Turning Nothing to Something ……
Today was Pakwach.
Truthfully, the day the return travelers have perhaps dreaded the most.
It’s mud huts totally, no bathroom, no running water, no building (or so I thought), basically just the land that leads to the River Nile. And a lot of people. A WHOLE lot of people.
I want to be very, very clear.
Preparing to go to Pakwach this morning Eryn and I were commenting to one another, this is the place where there is “nothing.” Absolutely nothing. No building. No electricity. No well (they walk two miles to the Nile to get water twice a day). No mosquito nets. No furniture. No beds. No pillows. Most of the time it is the mud on the floor, no blankets, no nothing. NOTHING.
As we got off the bus earlier than anticipated because our weight caused it to not clear the “small ditch” at the entrance to the village, I had the chance to walk with Geoffrey and hear how the village has changed since our time here two years ago.
Apparently this was the “Pakwach Campus” of Acres of Hope. We knew there were children sponsored from the village that attended school at Acres of Hope but little did we know that the people had a dream and vision and they turned their vision into reality.
The people of the village approached Geoffrey and asked if they built a temporary structure would he be willing to get them teachers there on site so that the children could go to school with Acres of Hope. He told them yes, that would be a reality; but he did so thinking it would be a year or so before it actually happened. It was three weeks. The structure was in place and it met governmental standards for a “temporary structure” so Geoffrey began procuring three teachers. Three great teachers. It has changed the whole nature and peace that exists among the people there.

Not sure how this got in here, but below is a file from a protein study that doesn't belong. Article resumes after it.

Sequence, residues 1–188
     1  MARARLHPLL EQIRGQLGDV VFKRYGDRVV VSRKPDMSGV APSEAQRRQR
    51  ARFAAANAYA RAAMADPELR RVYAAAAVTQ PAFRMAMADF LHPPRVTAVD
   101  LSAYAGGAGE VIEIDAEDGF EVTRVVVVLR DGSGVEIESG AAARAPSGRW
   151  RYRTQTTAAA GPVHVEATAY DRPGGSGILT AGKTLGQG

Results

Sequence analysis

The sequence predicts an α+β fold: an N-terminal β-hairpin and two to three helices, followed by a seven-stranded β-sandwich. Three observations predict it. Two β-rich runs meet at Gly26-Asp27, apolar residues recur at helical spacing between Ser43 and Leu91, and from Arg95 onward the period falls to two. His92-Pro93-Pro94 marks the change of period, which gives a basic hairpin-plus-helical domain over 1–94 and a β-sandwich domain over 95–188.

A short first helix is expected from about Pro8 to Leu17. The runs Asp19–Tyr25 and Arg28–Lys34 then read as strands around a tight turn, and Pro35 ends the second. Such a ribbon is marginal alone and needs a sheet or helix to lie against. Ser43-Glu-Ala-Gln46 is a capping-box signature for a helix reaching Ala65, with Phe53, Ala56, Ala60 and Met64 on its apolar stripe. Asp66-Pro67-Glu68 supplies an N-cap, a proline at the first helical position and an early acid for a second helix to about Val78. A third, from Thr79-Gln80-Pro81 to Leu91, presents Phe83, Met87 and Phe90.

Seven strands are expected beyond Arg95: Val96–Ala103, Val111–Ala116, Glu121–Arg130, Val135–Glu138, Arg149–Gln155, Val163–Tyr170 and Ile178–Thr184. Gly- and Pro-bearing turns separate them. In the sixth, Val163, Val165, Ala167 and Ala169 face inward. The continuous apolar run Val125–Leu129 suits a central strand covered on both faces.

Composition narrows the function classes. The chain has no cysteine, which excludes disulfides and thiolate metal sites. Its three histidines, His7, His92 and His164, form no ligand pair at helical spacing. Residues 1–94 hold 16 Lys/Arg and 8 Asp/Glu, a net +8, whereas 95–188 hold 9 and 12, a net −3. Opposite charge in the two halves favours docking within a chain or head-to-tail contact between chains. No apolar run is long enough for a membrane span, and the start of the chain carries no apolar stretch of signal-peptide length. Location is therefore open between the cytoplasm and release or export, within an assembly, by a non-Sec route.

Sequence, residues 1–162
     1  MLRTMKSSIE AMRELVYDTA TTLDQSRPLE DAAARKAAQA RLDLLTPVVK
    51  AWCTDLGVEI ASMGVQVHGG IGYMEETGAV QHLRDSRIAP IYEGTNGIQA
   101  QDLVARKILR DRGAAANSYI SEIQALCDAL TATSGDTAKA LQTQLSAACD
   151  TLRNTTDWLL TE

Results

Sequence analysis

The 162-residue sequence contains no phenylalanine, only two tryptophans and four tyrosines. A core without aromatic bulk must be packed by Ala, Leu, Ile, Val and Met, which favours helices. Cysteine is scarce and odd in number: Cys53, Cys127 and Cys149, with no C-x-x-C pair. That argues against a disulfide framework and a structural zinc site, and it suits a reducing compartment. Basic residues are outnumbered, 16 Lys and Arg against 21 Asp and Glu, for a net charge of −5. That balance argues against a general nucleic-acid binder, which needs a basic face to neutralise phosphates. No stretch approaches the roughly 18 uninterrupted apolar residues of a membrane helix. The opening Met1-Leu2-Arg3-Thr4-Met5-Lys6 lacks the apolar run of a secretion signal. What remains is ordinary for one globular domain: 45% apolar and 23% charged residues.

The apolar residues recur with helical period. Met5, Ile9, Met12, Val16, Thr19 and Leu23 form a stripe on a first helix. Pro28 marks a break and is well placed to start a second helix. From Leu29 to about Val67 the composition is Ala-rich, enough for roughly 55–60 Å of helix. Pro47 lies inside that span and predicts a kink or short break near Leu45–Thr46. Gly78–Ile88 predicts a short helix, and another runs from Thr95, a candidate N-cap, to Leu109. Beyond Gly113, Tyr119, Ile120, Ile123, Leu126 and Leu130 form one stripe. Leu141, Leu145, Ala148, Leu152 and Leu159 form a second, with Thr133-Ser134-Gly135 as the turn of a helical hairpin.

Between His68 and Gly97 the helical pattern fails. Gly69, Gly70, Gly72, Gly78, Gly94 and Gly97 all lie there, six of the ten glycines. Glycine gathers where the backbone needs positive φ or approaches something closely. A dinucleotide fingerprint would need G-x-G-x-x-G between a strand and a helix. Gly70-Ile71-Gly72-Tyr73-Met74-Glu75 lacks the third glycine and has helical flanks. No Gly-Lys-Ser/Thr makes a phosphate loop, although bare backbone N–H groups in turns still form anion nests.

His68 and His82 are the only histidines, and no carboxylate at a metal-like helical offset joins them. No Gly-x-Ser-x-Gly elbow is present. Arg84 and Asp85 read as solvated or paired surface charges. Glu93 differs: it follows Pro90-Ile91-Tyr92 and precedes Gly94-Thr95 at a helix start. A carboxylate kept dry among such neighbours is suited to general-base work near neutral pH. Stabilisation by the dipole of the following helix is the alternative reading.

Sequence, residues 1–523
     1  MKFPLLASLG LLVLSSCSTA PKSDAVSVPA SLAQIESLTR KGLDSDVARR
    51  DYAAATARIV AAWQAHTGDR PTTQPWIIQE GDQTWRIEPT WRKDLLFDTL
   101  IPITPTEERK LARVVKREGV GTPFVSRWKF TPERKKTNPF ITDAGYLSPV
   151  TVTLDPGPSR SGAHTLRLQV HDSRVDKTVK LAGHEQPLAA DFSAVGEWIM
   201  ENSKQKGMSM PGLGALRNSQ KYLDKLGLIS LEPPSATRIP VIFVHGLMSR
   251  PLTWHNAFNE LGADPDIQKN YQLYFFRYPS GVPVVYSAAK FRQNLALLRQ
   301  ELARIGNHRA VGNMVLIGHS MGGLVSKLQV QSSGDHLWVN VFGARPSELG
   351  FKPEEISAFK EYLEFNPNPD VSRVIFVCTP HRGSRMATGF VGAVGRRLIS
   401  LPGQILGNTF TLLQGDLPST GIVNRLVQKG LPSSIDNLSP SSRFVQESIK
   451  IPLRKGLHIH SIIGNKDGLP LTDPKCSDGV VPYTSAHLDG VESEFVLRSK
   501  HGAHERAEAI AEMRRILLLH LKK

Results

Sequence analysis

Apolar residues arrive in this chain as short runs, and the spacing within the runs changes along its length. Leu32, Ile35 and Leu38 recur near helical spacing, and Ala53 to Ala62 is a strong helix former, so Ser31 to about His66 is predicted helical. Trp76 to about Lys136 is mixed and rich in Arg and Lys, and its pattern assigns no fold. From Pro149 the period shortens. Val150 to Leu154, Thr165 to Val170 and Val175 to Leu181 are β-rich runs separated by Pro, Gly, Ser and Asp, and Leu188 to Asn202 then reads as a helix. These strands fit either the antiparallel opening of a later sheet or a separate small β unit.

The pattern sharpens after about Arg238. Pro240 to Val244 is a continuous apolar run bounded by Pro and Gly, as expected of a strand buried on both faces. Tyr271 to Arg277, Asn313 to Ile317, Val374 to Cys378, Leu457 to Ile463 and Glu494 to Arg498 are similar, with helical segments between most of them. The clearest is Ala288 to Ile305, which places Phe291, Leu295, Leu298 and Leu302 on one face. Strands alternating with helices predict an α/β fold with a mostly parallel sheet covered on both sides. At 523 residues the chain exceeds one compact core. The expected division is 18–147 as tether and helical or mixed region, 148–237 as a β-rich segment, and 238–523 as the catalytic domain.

There was no chaos. Really, in hearing the recaps of the day, there was just a lot of “touch.” And the touch turned nothing into a whole lot of something.
For 6 hours folks from the team jumped up and down with the giant parachute. They colored with the children and distributed crayons that were valued as if they were covered in gold. They made bead crosses or necklaces with the residents of the village. And it was “Africa Hot” as Becky Bynum would say!
Yet there were no complaints. There was no hesitation when people “swapped tasks” and the ones who had been profiling the children were asked to go play with the parachute or stand in the sweltering sun for hours.
But despite the amazing team spirit and humility, the most impactful moments came in the power of touch. That’s when we realized that “nothing” was more than nothing. It was actually a whole lot of something!
Every time a child was interviewed so his/her information could be prepared for a sponsor the interview would end with a prayer. I had the privilege of sitting in on a few of the interviews Jim Gray led and the power of his prayers for the children were transforming.
I think I was in shock as I watched a little girl, probably about 10, answer the questions.
When she answered the question “Who do you live with” the answer was her grandmother. She went on to share both her parents were dead. They both died of AIDS. She had recounted their names and occupation without pause so we all just assumed they were alive and well. Little did we know that her next answer would change everything.
I sat there, honestly frozen in time. This beautiful little girl with the biggest joy-filled brown eyes has two parents who died of AIDS. Not knowing when they contracted the disease, I couldn’t help but wonder, “Is she ok? Does she have HIV or AIDS as well? What if she is dying and doesn’t know it? Can anything be done to give her hope?”